Appleby records that these places welcomed troops of all nationalities, whereas the US Red Cross Clubs barred British servicemen unless guests of Americans. The American Red Cross Officer's Club in Bury was in Westgate Street, facing up Guildhall Street.

British soldiers might use the Church Army Canteen in St Botolphs Lane, which is now a Suffolk Housing Association housing scheme, or the British Restaurant in Crown Street where there is now a yard for the Brewery.

The Royal Corps of Signals had a signal office in a house on Southgate Green, now demolished by the roadworks in that area. Dispatch riders went from there all over East Anglia emphasising the fact that local telephone communications were rudimentary as well as insecure. The men were billeted in homes in Southgate Street and around.

On the agricultural front some Land Army women were billeted in a house on Southgate Green. Prisoners of War were housed on Hardwick Heath in a makeshift camp, and after the war were put to work on local farms. Italians built the concrete roads for the newly planned Mildenhall Road Estate.

The elegant Queen Ann house known as Angel Corner housed the Ministry of Food during the war, although it was responsible for rationing it out, rather than producing it. In 1946 it became the local Civil Defence HQ for Area 14 (most of West Suffolk) and in the 1960's its cellars were used as the Emergency Planning Centre.

Pots & pans In the aftermath of war many of our buildings looked different as railing were removed to be melted down "for the war effort". Even pots and pans were collected for their aluminium to use for aeroplanes. Sadly, most of these efforts were wasted as the materials were not of good enough quality.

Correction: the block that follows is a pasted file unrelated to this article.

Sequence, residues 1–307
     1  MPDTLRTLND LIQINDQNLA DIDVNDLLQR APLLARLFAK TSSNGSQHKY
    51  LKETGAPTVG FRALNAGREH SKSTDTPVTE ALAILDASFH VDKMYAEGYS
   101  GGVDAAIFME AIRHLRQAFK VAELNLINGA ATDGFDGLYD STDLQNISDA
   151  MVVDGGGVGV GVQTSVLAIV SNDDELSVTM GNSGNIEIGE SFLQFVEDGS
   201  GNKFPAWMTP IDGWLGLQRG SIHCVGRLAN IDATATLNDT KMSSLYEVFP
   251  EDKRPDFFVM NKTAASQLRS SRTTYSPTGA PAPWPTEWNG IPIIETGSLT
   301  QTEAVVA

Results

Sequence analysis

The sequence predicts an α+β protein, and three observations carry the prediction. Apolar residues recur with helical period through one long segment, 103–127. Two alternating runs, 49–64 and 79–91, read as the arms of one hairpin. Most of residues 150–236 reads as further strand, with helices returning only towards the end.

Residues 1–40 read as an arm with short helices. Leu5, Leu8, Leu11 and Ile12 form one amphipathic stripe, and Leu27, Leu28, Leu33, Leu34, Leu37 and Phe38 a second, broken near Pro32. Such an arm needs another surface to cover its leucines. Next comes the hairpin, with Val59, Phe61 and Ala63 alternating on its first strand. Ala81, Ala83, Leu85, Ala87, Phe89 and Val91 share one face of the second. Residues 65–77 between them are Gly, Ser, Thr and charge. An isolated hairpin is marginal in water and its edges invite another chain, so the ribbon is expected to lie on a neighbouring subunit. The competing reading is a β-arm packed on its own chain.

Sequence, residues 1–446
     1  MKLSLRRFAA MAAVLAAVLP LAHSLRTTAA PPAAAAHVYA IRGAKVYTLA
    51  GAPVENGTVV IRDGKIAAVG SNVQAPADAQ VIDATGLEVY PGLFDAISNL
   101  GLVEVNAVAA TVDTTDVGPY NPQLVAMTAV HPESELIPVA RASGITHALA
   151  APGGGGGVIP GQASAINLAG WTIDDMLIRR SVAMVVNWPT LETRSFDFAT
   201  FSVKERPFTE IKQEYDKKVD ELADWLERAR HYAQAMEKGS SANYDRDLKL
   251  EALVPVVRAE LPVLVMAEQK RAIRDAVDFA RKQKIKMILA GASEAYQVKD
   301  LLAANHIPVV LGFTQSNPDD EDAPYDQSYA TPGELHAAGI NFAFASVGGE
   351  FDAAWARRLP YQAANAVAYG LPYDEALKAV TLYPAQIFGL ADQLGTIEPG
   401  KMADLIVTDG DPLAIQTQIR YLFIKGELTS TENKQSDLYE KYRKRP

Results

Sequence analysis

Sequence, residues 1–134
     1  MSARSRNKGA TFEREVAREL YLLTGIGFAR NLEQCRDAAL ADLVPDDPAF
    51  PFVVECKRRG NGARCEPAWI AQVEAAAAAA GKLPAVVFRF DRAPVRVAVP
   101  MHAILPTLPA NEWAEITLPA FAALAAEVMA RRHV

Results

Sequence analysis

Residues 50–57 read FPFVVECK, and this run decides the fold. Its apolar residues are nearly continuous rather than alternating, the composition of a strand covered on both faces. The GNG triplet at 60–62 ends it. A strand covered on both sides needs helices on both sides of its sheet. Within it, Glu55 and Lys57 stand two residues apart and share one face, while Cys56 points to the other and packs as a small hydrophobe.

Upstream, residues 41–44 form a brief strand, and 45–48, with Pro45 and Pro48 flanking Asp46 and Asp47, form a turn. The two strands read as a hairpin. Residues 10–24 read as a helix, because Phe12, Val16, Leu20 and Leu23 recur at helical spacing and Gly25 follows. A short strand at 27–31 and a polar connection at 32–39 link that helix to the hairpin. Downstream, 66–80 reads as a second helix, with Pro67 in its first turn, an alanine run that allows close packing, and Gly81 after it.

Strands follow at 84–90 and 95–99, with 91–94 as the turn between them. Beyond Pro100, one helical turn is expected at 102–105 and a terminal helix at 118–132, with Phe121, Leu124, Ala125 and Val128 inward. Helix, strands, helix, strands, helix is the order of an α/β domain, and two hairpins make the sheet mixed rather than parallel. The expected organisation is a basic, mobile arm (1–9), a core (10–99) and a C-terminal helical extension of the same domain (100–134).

Today, the Army no longer has a regular base in the town although the Territorial Army still maintains a presence at Blenheim Camp. The Suffolk Regiment was reorganised in 1959 to become part of the Royal Anglian Regiment. A small Suffolk Regiment Museum collection remains. The USAF has two remaining bases at Mildenhall and Lakenheath in the adjacent district of Forest Heath. The RAF Regiment is based at Honington replacing the flying units previously stationed there.

The history of the airfields is often complex, as several were to pass between the RAF and the USAF at different times, but our aim is to let you see details of every base in our area if you want to, and to tell you about what happened there and why.

Fuller information is available under the following headings:-

The Suffolk Regiment and the Army - details of the major battles and postings, the Regimental Museum and history from 1685

The Royal Air Force - includes all the stations and their pre war, wartime and post war stories

The United States Air Force - includes information on wartime bases, post war bases, wartime history and post war history. This information is also available through the American Connections section.


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Updated 4th September 2004 Go to Home Page